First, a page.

Recently AT&T (NYSE:T) announced its intent to buy DirecTV (DTV) in a $48.5 billion deal. Yes, DirecTV has great cashflow, and yes, debt is cheap nowadays, and yes, AT&T can make the numbers work. The deal is likely to be accretive to AT&T, and DirecTV stockholders get a nice return. And, yes this one is likely to go through, as there are no big antitrust issues at stake.
But how does this deal make long-term sense for AT&T? Isn't DirecTV a broadcast player in an increasingly on-demand world? Has this deal arisen out of desperation to get a deal done and increase the company's size? Where is the value add to the long-term stockholders?
With the excitement of the deal behind us and as some of the dust settles, we take a look at the fundamentals behind this deal to see what the implications are for various industry players.
The first thing that is glaringly obvious with this deal is a lack of any long-term synergies between the companies. Yes, there will be some cost savings through the consolidation of the customer base, a few cross selling opportunities, and a little bit more operational leverage, but fundamentals of the video distribution business that AT&T is chasing are questionable at best.
AT&T CEO Randall Stephenson says that "video is a key growth driver for this entire industry" and we agree. But we believe the video that is driving the industry is on-demand video and not broadcast video. The up and coming internet savvy generation does not care much for seeing TV in its current form. The "cut the tether" movement is strong and has already depressed the growth rate of much of the industry. DirecTV's model is very capital-efficient but in a world where people want customized content on demand, DirecTV is a dinosaur.
To be sure, DirecTV is invaluable for remote parts of the U.S., developing countries, and places where there is limited internet access. However, these poorly-connected areas in the U.S. are increasingly a smaller share of the pie. The international market can be a good growth story for DirecTV, but its differentiation and revenue generation capability in these markets is somewhat limited. And, the extent of revenue and margin growth in the developing world is unlikely to make up for the decay in the U.S. market.
The major differentiating feature of DirecTV's urban customer base - sports packages - is something that is out of the control of DirecTV and AT&T beyond the guarantees set in the programming contracts. Even in the sports segment, the demographic trends are not favorable. While the big professional sports still rule, the sports market is slowly but certainly moving into micro niches - places where DirecTV or AT&T have no real advantage over any of their competitors. This fragmentation of the market will only increase with the passage of time.
The competition for eyeballs is intense, and no broadcast TV can ever hope to touch the richness of an on-demand internet platform. The most valuable asset to own with the upcoming customer dynamic is a fat internet connection to the client - wired or wireless. This is something that DirecTV does not have. Consequently, the value of what DirecTV offers to customers reduces by the day, and it is only a question of time before that lack of value shows up in the company's cash flows.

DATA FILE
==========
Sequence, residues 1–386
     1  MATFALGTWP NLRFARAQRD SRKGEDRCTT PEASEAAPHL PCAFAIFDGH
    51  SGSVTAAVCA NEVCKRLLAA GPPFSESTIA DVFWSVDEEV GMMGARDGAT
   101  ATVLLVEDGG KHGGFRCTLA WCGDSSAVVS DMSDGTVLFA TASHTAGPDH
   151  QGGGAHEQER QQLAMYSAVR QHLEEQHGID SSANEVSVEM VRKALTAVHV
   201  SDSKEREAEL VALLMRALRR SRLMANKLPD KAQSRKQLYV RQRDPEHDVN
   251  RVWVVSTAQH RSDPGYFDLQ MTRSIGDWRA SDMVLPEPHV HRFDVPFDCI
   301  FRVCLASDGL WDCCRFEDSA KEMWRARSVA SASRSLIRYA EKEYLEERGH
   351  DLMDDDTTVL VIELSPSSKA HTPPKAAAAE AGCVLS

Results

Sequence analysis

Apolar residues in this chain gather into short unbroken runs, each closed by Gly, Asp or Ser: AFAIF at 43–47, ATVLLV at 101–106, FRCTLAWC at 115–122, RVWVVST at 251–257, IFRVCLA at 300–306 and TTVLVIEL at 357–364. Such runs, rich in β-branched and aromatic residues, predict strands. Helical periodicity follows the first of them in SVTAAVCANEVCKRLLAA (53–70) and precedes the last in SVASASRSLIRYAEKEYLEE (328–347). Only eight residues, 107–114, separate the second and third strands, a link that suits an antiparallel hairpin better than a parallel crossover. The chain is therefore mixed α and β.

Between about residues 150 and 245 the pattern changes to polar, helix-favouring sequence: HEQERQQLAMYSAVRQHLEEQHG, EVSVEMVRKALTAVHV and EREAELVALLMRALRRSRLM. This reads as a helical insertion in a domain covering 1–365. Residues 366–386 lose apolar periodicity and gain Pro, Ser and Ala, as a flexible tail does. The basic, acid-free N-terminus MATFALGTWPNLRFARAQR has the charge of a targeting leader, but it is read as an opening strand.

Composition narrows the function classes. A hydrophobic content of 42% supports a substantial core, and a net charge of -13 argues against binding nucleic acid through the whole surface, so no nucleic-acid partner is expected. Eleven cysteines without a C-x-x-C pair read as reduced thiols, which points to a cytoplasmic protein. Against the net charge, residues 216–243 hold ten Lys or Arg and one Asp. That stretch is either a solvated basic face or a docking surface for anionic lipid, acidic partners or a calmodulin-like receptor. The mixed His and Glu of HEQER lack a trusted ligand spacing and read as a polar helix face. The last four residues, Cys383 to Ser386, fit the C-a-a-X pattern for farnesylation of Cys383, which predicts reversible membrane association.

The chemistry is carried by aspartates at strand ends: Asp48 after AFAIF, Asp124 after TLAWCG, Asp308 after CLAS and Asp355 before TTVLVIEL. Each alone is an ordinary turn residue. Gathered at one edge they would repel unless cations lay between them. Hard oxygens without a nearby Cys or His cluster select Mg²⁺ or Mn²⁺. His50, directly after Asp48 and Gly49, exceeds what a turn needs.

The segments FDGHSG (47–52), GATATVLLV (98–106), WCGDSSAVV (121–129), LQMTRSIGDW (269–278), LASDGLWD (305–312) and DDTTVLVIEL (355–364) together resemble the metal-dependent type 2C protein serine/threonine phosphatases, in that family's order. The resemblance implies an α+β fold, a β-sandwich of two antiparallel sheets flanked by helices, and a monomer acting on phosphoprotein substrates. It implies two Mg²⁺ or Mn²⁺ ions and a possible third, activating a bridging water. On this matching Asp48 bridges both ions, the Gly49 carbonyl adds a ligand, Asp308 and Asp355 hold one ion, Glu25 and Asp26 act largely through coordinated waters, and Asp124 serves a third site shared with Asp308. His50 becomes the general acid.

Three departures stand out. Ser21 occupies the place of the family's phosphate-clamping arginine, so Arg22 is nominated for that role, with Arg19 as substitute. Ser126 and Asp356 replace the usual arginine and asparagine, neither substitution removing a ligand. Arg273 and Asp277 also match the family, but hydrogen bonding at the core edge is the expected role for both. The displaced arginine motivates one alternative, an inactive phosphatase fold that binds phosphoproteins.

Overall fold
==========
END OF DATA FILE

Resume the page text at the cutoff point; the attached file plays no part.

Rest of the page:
So, why did AT&T feel compelled to do this deal? As much as anything else, we believe this foray has to do with AT&T's failed deal to buy T-Mobile (NASDAQ:TMUS). That ill-advised deal cost AT&T stockholders considerably, not just in terms of what happened in the past, but in terms of what is happening now. In a quest for size, which by itself is of questionable advantage, the company is chasing deals that make less and less economic or strategic sense.
Looking at AT&Ts key business areas, we see multiple challenges. The wireline voice business is on a decline; the business solutions market is not doing particularly well; the U-Verse platform is limited, competes poorly with Comcast (NASDAQ:CMCSA), and does not address customer needs in most parts of the U.S.; and the wireless business has lost its primary differentiation since the iPhone days and is under constant threat by Verizon (NYSE:VZ), Sprint (NYSE:S) and T-Mobile.
What AT&T needs to do to solve many of its challenges is to strengthen its access to its customer base - that means a thicker pipe in to customers' homes and business, and more spectrum to address the needs of its mobile customers. This deal gives them neither. And the announcement of this deal may have inadvertently helped Comcast in its bid for Time Warner Cable (NYSE:TWC) and Sprint in its potential bid for T-Mobile. Both Comcast and Sprint can now make a more effective case to the regulators on why their deals should be permitted. And Dish Network (NASDAQ:DISH) is probably enjoying the prospect of a less nimble, distracted AT&T for a competitor instead of the old DirecTV.
All things considered, the companies that benefit from this deal are AT&T and DirecTV's competitors. Every which way we look at this deal, it seems to be bad idea. Instead of focusing on staying ahead of its competition in its core businesses, we now have a distracted management chasing deals with questionable value. We view this as net negative for AT&T and net positive for its key competitors.
Our Sentiment: Avoid
Disclosure: I have no positions in any stocks mentioned, and no plans to initiate any positions within the next 72 hours. I wrote this article myself, and it expresses my own opinions. I am not receiving compensation for it (other than from Seeking Alpha). I have no business relationship with any company whose stock is mentioned in this article.